2012 New England Patriots Offensive Positional Review

Quarterback Tom Brady and offensive coordinator Josh McDaniels were two key components of an effective offensive unit in 2012.

NEPD Editor: Matthew Jones

New England’s season may have ended early, but their offense this season ranked among the league’s best. Read on for a review of each positional group from 2012, and be sure to check back tomorrow for the defensive review!

Quarterback: A-

Tom Brady may not have executed at his typical level of efficiency this season, but he remains one of the best quarterbacks in the league by a wide margin; his 2012 campaign can only be considered underwhelming by his own lofty standards. Brady was not as accurate as he has been over the past three seasons, and he averaged less yards per attempt than in any full season since 2006. Obviously, Brady’s incredible 5,491 yards, 38 touchdowns, and ten interceptions (including playoffs) are elite by any standard.

However, there were a few concerning aspects to this season for the 35 year-old passer. Brady eviscerated the blitz this year, completing 64.9% of his passes, with 8.4 yards per attempt, 22 touchdowns, no interceptions, and a 128.9 rating against five or more rushers. However, he seemed to struggle against teams that dropped most of their defenders into coverage, completing just 61.2% of his passes on the season for 7.2 yards per attempt, 16 touchdowns, and ten interceptions, earning a significantly lower 85.1 quarterback rating.

Brady seemed to have more trouble on intermediate and deep sideline passes outside of the numbers as well, completing only 36.4% of those passes, with seven touchdowns and four interceptions to those areas. For much of the season, he appeared to have trouble getting on the same page with incoming receiver Brandon Lloyd.

Running Back: A-

Stevan Ridley was able to successfully replace BenJarvus Green-Ellis as New England’s feature back in 2012, leading a diverse Patriots rushing attack which also included Danny Woodhead, Shane Vereen, and Brandon Bolden in significant (if not ever-present) roles. Of the four, Ridley was by far the most successful, finishing the season (incl. playoffs) with 1,415 yards and thirteen touchdowns over 323 attempts, rushing effectively up the middle and on stretch plays in particular. Ridley’s five fumbles may be somewhat of cause for concern, but regardless it is difficult to imagine him losing the starting role anytime soon.

Besides Ridley, Woodhead (80 carries) was the most successful Patriots running back, gaining 312 yards and four touchdowns on 80 carries. At the beginning of the season, Woodhead was misused by offensive coordinator Josh McDaniels; the Patriots called far too many draw plays and short-yardage/goal line carries for Woodhead. However, by the end of the season, he was functioning more as a pass protector and outlet receiver, a role in which he was successful, catching 41/51 passes for 458 yards and three touchdowns.

If Woodhead departs in free agency this offseason, Shane Vereen appears well-positioned to assume his role in the offense. He caught three passes for touchdowns and rushed for four more over the season, gaining 308 yards and four touchdowns on the ground. It may not have been the breakout season many were expecting, but Vereen rebounded from a nearly silent first half of the season to become a more visible option further down the road.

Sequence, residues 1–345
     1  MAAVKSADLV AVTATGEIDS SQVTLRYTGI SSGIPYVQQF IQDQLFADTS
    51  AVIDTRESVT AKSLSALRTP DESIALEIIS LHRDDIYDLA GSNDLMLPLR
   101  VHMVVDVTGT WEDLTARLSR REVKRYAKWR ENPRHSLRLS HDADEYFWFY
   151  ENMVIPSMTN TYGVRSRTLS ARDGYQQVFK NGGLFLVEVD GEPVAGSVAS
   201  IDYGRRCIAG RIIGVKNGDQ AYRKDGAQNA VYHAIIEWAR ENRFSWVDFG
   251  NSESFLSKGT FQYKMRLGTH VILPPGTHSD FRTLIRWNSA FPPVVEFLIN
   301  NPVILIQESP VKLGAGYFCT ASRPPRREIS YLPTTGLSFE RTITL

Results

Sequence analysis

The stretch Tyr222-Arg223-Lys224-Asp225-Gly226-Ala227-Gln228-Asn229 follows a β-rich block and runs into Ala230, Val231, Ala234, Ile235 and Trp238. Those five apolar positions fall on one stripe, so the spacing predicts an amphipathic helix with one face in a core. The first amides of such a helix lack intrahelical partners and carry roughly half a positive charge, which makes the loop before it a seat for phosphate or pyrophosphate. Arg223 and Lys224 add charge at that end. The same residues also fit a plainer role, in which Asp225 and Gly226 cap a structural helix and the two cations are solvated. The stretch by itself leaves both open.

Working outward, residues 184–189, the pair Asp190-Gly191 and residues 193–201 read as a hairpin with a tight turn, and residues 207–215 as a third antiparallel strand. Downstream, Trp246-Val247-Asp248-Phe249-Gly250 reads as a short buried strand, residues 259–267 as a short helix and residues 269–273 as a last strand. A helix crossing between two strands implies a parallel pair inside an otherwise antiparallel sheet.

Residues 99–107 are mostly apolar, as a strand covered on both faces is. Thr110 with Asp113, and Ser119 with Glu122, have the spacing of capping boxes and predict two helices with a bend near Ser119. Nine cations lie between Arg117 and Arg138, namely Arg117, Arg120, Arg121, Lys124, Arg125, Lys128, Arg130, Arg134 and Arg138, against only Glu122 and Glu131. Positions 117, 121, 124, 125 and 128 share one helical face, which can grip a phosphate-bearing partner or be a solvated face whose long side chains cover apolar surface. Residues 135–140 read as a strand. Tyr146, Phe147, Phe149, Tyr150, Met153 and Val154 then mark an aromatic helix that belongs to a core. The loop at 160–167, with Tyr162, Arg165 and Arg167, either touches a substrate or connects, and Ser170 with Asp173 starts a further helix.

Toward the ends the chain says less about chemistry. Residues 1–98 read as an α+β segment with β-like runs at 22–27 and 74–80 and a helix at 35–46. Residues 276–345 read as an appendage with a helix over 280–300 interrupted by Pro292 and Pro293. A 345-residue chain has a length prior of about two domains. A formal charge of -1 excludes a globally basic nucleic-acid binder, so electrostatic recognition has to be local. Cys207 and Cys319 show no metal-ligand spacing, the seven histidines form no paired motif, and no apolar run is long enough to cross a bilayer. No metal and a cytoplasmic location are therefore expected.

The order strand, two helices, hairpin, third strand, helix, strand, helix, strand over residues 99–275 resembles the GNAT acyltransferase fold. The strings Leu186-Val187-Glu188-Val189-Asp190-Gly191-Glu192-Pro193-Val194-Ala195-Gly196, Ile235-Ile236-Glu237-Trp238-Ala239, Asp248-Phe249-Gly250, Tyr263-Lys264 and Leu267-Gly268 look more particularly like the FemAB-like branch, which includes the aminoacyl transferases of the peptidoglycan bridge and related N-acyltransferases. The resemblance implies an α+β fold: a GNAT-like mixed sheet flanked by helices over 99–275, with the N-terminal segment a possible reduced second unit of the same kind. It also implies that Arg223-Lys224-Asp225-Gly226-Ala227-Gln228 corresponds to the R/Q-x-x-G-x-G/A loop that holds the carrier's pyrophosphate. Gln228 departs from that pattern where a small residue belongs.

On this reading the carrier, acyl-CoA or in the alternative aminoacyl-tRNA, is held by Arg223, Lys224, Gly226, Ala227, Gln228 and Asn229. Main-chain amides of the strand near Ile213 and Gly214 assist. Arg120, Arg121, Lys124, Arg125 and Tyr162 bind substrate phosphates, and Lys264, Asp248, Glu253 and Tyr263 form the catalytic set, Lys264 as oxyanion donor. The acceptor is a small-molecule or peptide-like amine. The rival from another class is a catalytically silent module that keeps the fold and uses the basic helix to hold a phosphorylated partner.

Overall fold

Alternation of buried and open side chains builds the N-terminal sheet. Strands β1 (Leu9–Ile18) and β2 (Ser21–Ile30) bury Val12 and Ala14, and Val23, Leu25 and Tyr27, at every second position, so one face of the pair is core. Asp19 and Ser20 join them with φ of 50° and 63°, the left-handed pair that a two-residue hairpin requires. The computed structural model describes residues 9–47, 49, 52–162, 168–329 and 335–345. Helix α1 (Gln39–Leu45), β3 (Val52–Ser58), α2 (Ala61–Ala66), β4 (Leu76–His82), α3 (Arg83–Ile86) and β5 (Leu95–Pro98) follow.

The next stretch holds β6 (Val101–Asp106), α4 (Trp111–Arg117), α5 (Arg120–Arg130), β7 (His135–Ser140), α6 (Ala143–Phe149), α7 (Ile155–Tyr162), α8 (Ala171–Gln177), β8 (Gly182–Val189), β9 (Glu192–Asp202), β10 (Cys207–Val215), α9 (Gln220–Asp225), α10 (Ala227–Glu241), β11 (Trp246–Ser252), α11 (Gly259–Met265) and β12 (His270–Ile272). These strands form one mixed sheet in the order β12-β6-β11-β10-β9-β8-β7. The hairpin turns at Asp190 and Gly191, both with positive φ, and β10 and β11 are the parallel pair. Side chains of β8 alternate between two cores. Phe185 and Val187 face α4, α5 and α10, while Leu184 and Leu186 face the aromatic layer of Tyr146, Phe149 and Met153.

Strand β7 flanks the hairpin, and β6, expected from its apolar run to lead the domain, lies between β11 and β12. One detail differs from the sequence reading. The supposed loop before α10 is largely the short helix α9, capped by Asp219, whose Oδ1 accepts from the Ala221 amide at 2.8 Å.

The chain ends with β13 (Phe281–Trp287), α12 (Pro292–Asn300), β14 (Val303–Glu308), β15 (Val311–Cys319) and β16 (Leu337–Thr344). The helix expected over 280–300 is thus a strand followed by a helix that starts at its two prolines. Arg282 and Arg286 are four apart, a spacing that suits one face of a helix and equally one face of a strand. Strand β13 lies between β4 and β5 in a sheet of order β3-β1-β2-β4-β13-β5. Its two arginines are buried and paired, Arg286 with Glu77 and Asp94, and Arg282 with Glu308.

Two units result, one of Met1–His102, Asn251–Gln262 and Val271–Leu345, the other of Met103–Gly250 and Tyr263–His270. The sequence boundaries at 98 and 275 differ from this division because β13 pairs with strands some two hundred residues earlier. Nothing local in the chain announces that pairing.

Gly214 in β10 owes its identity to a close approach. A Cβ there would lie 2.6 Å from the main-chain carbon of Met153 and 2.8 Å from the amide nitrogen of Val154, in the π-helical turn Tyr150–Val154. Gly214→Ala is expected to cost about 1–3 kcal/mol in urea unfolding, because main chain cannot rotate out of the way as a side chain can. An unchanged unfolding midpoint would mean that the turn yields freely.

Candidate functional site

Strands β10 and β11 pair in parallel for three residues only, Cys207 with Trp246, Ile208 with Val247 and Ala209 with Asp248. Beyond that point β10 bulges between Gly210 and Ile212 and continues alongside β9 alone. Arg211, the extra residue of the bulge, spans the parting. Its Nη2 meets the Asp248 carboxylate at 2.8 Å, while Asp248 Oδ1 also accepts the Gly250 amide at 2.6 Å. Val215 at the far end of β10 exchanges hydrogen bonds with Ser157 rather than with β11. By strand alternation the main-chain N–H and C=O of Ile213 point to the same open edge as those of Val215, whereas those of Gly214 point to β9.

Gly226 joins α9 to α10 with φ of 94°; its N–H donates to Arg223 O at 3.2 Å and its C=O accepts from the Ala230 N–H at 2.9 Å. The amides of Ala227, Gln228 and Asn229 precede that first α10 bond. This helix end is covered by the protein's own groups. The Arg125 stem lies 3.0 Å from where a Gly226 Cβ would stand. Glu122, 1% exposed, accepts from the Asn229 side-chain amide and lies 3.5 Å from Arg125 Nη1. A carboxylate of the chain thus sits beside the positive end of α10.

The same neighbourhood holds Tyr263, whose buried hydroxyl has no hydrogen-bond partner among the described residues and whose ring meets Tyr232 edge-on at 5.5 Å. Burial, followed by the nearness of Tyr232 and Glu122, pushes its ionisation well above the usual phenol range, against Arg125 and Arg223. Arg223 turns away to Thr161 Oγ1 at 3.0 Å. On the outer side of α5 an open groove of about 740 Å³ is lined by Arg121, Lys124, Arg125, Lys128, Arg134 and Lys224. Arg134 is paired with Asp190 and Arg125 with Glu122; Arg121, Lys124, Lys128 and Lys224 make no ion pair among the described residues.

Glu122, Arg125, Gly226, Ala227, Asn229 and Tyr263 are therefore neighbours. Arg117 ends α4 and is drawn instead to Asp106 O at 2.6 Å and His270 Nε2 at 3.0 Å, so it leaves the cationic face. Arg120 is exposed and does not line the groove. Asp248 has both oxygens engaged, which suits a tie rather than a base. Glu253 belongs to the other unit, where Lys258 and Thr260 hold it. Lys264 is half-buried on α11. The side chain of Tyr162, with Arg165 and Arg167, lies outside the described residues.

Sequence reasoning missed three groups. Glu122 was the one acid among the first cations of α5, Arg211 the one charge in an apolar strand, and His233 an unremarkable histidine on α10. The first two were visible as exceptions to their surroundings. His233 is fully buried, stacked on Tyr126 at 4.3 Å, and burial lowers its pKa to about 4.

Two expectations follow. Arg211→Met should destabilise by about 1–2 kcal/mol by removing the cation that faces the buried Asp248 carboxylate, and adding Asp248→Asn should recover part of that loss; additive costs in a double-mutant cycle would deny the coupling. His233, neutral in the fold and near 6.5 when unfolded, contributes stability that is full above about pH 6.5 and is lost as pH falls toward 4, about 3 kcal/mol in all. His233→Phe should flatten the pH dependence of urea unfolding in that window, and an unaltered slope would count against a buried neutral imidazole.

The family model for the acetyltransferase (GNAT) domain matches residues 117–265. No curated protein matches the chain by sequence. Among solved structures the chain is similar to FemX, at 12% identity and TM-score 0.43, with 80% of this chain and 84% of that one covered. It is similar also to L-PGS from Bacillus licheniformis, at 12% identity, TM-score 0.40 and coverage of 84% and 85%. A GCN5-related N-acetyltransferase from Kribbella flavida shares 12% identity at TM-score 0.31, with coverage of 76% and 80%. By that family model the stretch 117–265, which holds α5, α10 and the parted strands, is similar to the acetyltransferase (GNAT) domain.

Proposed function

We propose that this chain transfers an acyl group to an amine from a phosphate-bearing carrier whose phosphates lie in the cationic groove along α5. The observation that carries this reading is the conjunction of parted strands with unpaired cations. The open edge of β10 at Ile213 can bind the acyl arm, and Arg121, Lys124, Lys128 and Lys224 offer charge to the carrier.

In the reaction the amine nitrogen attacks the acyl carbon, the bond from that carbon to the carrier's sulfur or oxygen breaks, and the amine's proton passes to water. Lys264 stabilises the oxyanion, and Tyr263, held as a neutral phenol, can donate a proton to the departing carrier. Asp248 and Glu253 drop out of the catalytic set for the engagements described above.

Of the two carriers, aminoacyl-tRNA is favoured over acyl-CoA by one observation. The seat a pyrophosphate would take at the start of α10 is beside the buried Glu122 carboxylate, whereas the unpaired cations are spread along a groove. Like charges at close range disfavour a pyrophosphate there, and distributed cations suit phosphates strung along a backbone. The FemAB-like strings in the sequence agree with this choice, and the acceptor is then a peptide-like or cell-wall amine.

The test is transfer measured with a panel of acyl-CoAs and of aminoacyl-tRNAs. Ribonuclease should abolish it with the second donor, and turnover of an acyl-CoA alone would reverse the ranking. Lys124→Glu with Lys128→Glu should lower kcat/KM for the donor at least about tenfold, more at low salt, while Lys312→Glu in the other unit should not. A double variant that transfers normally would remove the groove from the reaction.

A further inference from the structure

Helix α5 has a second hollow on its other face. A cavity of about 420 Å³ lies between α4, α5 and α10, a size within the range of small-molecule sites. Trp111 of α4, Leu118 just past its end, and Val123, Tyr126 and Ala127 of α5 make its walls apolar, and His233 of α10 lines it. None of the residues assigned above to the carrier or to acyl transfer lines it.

Undrafted rookie Brandon Bolden can be considered Vereen’s antithesis; rather than finish the season strong, Bolden was surprisingly effective as a rotational back early in the season (particularly in week four, where he rushed for 136 yards and a touchdown at Buffalo) but was a non-factor after returning from a suspension for performance-enhancing drugs. Regardless, any production from an undrafted free agent is always welcome, and Bolden’s 4.9 yards per attempt were the highest on the team.

Wide Receiver: B+

Wes Welker caught a staggering 134 passes on the season, catching 70.2% of the balls thrown his way for 1,602 yards, almost exactly half of which came after the catch; his seven touchdowns were also impressive. Even as he likely enters the last productive years of his career, Welker is still one of the most explosive short-area receivers in the league and enjoys sterling chemistry with Tom Brady. However, Welker may be playing elsewhere in 2013 due to a combination of salary demands and another drop-heavy season: he mishandled nineteen passes on the year, the most in the league, including four over New England’s two playoff games.

Free agent signing Brandon Lloyd added another productive wideout to the team opposite Welker, catching 86 passes for 1,013 yards and five touchdowns, but he also disappeared for large stretches this season (his 1/7, six-yard, two-drop game against the New York Jets in week seven as the most notable example.) Lloyd was significantly less efficient than Welker, catching just 57.3% of attempts with eight drops, with most of his production coming on shorter routes. Lloyd’s 9/34 receiving on deep passes for 257 yards, two touchdowns, and three interceptions on deep routes were somewhat concerning.

New England’s only other impressive receiver this season was Julian Edelman, who caught 21/32 passes for 235 yards and three touchdowns before suffering a season-ending broken foot in early December. Edelman was a dynamic punt returner and scored a total of five touchdowns, including a fumble return and a punt return. Veteran Deion Branch may be at the end of his career after posting 8.9 yards per reception over 18 catches in 2012, and other low-risk investments such as Donte’ Stallworth and Greg Salas were also unsuccessful.

Tight End: B+

Rob Gronkowski and Aaron Hernandez failed to match their 2011 production in 2012, but Gronkowski caught touchdown passes at roughly the same rate as he did in 2011, averaging almost the same yards-per-catch and percent of targets caught as last year while dominating as an inline blocking option. If Gronkowski’s 78 targets this season were extrapolated to his 143 from 2012, he would have finished with 1,448 yards and 20 touchdowns, which closely mirrors his 1,585 yards and 20 touchdowns in 2011. Gronkowski’s 2012 figures of 70.5% of targets caught and 14.4 yards per catch are also similar to his 2011 numbers: 74.8% catch rate and 14.8 yards per reception.